Sunday, 12 February 2012
J is for JAMES CAMERON
Before writing a single word of a novel I like to think about it. Think about it, ponder it, reflect on it. During that time I’m not only plotting and developing the characters I’m also working out how the minutiae of the story connect. In my opinion a novel is a mesh of connections. The more of these connections there are, no matter how subtle, the stronger the finished book will be. With Afrika Reich this process took the best part of a year.
However, several months into the process, despite having an incipient plot, something was missing.
E.L. Doctorow, the American author, once wrote, ‘You have to find the voice that allows you to write what you want to write... it’s a writer’s dirty little secret that language precedes the intentions.’ And that was my problem. I didn’t have a voice, that elusive something shoehorns the story into a context. To put it another way, what type of book was I trying to write? What was the tone? Something stately, detached and methodical, a tale lit by the grey light of dawn? A narrative related entirely from the German perspective: a type of self-critique? What about a black comedy? I toyed with all these possibilities and more.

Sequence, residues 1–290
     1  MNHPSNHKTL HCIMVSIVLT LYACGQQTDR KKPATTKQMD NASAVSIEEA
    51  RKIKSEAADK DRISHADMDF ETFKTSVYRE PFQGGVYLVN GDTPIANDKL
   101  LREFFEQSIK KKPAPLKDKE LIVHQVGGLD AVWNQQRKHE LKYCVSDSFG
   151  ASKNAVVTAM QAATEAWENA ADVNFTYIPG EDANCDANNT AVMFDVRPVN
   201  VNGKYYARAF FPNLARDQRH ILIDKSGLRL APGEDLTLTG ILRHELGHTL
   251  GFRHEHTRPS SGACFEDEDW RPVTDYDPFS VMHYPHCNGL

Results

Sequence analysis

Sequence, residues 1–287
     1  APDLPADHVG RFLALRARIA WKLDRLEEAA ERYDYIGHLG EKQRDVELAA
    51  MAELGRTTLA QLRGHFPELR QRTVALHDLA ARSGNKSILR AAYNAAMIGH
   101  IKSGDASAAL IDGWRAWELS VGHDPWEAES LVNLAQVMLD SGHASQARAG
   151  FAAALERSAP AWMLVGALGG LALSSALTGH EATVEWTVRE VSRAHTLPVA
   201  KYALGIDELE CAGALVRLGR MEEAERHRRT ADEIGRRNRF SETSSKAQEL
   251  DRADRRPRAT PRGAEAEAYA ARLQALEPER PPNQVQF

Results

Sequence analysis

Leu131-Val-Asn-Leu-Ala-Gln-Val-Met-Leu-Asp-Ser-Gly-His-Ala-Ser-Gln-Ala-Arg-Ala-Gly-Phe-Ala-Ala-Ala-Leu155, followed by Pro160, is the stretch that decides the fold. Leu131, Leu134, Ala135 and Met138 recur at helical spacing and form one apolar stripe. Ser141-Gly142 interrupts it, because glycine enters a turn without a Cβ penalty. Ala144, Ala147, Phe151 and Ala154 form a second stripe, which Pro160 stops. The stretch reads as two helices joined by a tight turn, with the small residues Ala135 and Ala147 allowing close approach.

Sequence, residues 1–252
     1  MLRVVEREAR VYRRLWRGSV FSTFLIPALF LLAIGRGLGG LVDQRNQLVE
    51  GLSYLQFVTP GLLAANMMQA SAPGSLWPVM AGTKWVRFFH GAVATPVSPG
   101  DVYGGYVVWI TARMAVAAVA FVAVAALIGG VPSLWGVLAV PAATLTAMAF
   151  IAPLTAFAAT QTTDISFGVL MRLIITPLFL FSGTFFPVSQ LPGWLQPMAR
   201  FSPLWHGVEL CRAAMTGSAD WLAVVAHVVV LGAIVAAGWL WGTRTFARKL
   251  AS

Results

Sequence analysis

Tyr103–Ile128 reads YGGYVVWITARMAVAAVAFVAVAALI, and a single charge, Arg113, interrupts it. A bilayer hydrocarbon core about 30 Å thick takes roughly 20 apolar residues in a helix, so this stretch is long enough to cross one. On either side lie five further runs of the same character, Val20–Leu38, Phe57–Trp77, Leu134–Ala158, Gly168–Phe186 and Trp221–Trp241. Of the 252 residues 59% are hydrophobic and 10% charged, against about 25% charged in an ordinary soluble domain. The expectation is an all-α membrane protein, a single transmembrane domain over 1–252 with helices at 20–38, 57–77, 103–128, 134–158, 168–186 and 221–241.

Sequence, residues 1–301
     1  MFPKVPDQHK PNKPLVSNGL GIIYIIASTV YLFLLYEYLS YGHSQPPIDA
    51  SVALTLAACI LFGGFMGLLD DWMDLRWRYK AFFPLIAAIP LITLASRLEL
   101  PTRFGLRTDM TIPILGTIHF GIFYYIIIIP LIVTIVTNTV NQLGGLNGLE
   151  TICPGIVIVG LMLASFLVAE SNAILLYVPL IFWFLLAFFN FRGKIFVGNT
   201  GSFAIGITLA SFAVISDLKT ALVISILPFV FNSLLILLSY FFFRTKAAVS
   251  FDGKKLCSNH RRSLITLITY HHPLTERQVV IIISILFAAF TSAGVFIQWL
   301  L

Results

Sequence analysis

In the end the lightbulb moment came from an unexpected source. I was watching the DVD extras to Aliens which included an interview with the film’s writer/director JAMES CAMERON (complete with the most ghastly jumper you ever saw). In it, he described his film as ‘a dark adventure story with a warm human heart’. That was it! Afrika Reich would rumble with the Nazis’ malevolent, savage vision for the continent but the story itself would be carried by the relationships of friends, both old and new. It seems so obvious now but back then this was a genuine moment of revelation.
In the end my book combined elements of this and moved a considerable way from it, but Cameron’s words were the initial inspiration behind the tone of the narrative. I say ‘in the end’ because this reflects another, often overlooked element of writing a novel. It takes such a long time to complete one that both the person you are and the book you start with are different by the end. Even the act of writing the book – a process of discovery itself – morphs things. So whatever your initial vision, the best you can hope for is an interpretation of it. With a trilogy this dilemma is cubed... but that’s for another time.